or is it?
Space nuts and science nerds are abuzz with the news that the Milky Way is most likely white, and not just any white but the color of fresh spring snow in the early morning. That’s not at all the same as the snow outside my door this morning. While much of the rest of the country is digging out, my area had a dusting followed by a freezeover. The result is a crusty, icy white slide zone. Surrounded by hills, ice is my enemy, even interspersed with flecks of grass and other reminders that it was 60 degrees out just days ago. I nearly slid down a hill on my walk home from church today.
And that made me think about all the cliches around the word and color white. Does it symbolize the fullness of true purity or complete spectral emptiness? Are we aware of the many variations and shades and values of white, or do our brains just register the color and move on? Does white help us see better, or blind us to other shades and values?
Famed architect Richard Meier loves white so much he uses a trademark brilliant ‘Meier’ white in many of his buildings, often to great success and acclaim. “There is plenty of color, and the white allows us to appreciate that color. It intensifies our perception of color, and the way that color changes throughout the day the way nature changes,” he told writer Mark Sommer.
Yet the homeowners of Brentwood, California felt strongly that his design of the Getty Center should not include that blinding shade and got a conditional use permit to prevent it. Ultimately, Meier used travertine and an off-white aluminum for most of the project, though a tour guide showed me where he slipped in his favorite bright white on a small pergola hidden from the sight of neighbors.
Apparently Meier is stubborn, and so are various perceptions about the color white. It is not all one sameness. Just look at this picture of what used to be my lawn…
As beautiful as a winter wonderland can be, it turns to slush soon enough. Stark white walls get scraped, clothing gets stained, napkins get blotted. It seems impossible to remain all white, pure and empty indefinitely. Yet perhaps white reflects back to us what we most want to see.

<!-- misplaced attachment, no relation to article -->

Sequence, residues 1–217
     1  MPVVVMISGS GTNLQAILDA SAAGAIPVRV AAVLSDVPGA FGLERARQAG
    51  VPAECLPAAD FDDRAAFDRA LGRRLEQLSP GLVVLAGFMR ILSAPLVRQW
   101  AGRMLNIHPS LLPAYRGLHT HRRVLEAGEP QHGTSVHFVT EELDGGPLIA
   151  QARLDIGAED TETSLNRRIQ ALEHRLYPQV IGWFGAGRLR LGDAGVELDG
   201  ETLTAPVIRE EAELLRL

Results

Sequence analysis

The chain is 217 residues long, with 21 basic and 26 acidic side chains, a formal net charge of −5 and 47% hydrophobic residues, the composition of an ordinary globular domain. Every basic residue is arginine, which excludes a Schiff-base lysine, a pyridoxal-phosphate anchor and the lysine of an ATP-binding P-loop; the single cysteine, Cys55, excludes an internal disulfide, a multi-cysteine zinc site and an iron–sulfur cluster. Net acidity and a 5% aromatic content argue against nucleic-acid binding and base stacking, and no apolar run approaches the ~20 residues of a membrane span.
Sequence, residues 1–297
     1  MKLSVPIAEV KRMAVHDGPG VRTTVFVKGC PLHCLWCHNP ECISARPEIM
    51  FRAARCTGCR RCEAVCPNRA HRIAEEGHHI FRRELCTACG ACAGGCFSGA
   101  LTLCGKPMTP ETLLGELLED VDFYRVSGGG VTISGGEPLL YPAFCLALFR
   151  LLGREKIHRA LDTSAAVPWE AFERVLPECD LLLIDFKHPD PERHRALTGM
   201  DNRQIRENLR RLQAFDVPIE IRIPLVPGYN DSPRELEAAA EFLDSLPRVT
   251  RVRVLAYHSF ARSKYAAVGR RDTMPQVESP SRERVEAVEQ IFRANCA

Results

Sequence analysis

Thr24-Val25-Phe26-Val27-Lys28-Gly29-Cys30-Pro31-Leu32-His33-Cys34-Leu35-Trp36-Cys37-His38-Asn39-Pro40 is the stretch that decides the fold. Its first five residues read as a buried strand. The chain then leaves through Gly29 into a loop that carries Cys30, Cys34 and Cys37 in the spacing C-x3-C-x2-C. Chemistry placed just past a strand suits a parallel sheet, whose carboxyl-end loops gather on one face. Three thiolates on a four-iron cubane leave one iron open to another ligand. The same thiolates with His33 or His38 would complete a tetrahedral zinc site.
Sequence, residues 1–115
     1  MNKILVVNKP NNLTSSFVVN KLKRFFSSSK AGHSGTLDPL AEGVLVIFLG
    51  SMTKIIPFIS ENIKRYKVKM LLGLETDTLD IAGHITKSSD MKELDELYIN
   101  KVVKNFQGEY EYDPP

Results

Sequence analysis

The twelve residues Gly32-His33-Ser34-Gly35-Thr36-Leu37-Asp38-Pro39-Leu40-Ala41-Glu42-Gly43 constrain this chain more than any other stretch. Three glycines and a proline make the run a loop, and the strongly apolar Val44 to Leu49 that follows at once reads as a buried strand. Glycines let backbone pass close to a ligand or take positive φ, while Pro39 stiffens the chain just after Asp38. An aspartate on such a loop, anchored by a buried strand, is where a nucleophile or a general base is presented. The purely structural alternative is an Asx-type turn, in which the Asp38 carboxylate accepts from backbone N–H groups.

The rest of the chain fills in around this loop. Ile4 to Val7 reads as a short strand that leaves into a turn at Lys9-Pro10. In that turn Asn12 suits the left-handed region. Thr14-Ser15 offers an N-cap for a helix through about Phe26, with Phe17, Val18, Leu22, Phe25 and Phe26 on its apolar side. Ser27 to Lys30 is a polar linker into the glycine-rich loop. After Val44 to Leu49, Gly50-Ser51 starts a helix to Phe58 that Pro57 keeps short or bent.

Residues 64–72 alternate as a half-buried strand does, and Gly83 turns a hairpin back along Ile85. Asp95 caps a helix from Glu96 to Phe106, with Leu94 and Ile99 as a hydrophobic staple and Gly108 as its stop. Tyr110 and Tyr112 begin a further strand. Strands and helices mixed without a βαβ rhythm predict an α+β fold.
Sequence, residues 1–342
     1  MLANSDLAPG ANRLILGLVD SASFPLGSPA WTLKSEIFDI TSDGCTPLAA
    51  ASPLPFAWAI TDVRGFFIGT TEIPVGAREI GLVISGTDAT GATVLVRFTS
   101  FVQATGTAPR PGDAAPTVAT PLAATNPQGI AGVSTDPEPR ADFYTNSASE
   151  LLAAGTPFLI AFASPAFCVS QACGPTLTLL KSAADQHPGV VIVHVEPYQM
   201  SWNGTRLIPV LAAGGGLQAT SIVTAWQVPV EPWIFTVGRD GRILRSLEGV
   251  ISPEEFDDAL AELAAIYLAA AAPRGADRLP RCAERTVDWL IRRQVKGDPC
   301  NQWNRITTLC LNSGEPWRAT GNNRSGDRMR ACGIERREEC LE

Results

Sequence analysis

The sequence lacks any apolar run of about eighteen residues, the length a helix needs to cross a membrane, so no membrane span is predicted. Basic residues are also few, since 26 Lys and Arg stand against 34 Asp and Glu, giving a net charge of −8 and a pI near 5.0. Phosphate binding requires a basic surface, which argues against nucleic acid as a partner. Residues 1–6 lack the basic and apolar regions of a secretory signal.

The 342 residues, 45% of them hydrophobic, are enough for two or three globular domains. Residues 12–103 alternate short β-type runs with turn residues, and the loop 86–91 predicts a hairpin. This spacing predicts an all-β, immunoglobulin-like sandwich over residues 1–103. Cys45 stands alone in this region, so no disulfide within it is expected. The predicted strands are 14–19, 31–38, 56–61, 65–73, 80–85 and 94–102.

It’s been awhile since I’ve posted, but I’ve been writing a lot of cards, status updates, and emails. Does that count? Ok, maybe not. I’m also reading a lot, as ever, and here’s my latest weekend whirl for you:
Making it in America by Adam Davidson
I stumbled across this article via my weekly email from longform.org… and just had to read it after I saw the opening image, snapped by Dean Kaufman. Apparently Rosie the Riveter lives on in the twenty-first century, but unfortunately there’s a complicated economic, political and social calculus around her endangered existence. An interesting article set partly in South Carolina, which is getting a lot of attention tonight because of the presidential primary. Will we forget the Palmetto State again tomorrow?
At Melody Record Shop, sadness and a tinge of guilt as an era ends by Jessica Goldstein
Years ago, my second job was in a retail chain record store. I learned a lot about music just working there, but still probably nothing compared to Jack and Suzy Menase, who have literally done nothing else with their whole lives. I’d say they’ve done a whole lot of good by creating a home for music lovers. And their store closure is another sign of changing times…
Joe Paterno’s first interview since the Penn State-Sandusky scandal by Sally Jenkins
Things are improving in some areas, and recognizing the problem of sexual molestation is one. We’ve come a long way in the past few years, but not yet far enough. I believe that we are all mandated reporters. That said, I don’t think we can know what really happened or judge others faced with the horrorific fact of a sexual predator in their midst. Joe Paterno is gravely ill and will pass beyond the cares of this tired earth long before the town of State College recovers from its terrible awakening. His mark on Penn State will never be erased, though there will always be an asterisk next to his name — *fired midseason for failure to inform legal authorities and fully protect children. Caught between the decade of his birth when such things could not be discussed, and today’s glaring hot demands for transparency, accountability and justice, there is no doubt that he stumbled. But can we grant him some dignity and forgiveness?